One of the features of the OpenDSS that takes some getting used to for users familiar with other power system analysis platforms is that a Bus does not exist until it is needed for a solution or some other purpose. A list of buses is made from the presently enabled devices in the circuit. Then each bus is instantiated. Likewise, a bus may disappear during a simulation. 

The reason for this behavior of the OpenDSS is to avoid having to define all the buses in the problem ahead of time. This allows users a great deal of flexibility in simulating distribution circuits in which the topology is changing during the simulation. If you want to add a new bus, simply define a device that is connected to the bus or edit the bus connections of an existing device. Since the OpenDSS does not need to know the voltage bases to perform its solution, there is no need to define the base voltages ahead of time. However, the voltage bases are useful for reports and certain simulations. Just remember to set the voltage bases AFTER the buses exist and before the report is generated. 

Bus instantiation can be forced without performing a solution by issuing the “MakeBusList” command. 

The CalcVoltageBases command will automatically set the voltage bases where practical by performing a no-load power flow. The legal voltage bases for a problem are defined using the Set Voltagebases = [array of voltagebases in kV L-L]. 

Otherwise, you can use the SetkVBase command to set the voltage base for a selected bus. Often, users will create separate script files with all the necessary SetkVBase commands. These execute quickly but are used only when it is difficult to automatically discern between two voltage bases in a problem.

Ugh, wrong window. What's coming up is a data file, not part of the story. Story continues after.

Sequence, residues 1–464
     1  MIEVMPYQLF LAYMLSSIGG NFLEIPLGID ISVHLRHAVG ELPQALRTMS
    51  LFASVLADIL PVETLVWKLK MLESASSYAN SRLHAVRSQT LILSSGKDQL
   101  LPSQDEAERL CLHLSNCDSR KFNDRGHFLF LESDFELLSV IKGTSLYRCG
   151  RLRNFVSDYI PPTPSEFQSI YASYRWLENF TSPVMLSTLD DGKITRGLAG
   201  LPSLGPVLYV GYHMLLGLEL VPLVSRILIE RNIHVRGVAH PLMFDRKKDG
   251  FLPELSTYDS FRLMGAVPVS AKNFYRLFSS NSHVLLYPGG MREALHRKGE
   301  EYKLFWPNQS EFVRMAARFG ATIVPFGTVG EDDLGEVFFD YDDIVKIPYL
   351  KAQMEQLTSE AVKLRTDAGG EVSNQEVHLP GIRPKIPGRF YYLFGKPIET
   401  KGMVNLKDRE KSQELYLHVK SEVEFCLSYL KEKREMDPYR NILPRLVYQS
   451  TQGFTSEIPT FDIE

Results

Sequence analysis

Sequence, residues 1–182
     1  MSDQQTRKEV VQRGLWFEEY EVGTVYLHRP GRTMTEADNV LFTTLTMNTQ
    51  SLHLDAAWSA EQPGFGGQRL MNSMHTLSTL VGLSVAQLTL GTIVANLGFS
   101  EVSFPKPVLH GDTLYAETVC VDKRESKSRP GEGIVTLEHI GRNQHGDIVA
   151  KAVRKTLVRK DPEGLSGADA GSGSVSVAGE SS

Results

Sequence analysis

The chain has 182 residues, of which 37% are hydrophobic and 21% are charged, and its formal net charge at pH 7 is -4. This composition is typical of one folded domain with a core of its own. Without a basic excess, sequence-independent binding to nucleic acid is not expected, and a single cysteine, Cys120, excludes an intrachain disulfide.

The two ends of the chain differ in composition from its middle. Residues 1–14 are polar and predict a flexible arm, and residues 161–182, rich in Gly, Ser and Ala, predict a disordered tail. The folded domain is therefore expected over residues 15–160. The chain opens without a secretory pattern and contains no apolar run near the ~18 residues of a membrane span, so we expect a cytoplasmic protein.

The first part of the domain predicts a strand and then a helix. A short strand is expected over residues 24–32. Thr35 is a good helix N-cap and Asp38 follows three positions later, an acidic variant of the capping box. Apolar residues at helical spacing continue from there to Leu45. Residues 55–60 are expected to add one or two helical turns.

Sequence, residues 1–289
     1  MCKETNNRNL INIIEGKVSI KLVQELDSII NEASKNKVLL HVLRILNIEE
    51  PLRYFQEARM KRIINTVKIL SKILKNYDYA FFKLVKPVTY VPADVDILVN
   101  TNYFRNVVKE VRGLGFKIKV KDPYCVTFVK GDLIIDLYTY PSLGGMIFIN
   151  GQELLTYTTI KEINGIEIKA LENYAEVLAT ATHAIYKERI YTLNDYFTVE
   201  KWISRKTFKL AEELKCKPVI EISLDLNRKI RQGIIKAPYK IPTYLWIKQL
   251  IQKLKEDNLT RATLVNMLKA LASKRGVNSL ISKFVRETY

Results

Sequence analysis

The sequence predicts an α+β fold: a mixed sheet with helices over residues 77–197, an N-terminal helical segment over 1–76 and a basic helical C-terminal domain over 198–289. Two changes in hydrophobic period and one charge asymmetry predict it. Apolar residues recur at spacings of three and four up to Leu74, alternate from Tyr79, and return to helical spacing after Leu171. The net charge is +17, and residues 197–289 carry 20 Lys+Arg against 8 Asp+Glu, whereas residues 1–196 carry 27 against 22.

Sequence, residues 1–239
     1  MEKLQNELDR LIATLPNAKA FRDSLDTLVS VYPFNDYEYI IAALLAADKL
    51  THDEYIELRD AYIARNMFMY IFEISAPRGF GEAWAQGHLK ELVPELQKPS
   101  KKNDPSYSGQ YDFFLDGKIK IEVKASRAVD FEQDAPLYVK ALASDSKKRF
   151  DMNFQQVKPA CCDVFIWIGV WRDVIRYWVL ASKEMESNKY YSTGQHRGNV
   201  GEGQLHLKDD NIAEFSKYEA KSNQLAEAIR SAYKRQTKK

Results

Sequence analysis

The bus list is reorganized whenever there is a change in the circuit. 

Implications/Side Effects of Bus Instantiation Rules: 

•  You can’t define the voltage base for a bus until it exists. The CalcVoltageBases command is a solution type that will automatically instantiate all the buses currently defined. 

•  You can’t define a bus’s coordinates until the bus exists. 

• Once the bus list exists, properties are automatically copied to new bus objects when a change occurs that requires rebuilding the bus list. However, if there are new buses created by the changes, they will not have any of the special properties such as voltage base or coordinates defined. That must be done subsequently, if necessary. 

• It does not hurt to redefine base voltage or coordinates if there is any question whether they have the proper value. 

• Once instantiated, a bus object will persist until another command forces rebuilding the bus list. Thus, if there are edits performed on the circuit elements, the bus list could be out of synch with the present configuration. 

• There is also a Node list that is constructed at the same time as the bus list. The order of elements in the system Y matrix is governed by the order of the Node list. The Node list order is basically the order in which the nodes are defined during the circuit model building process.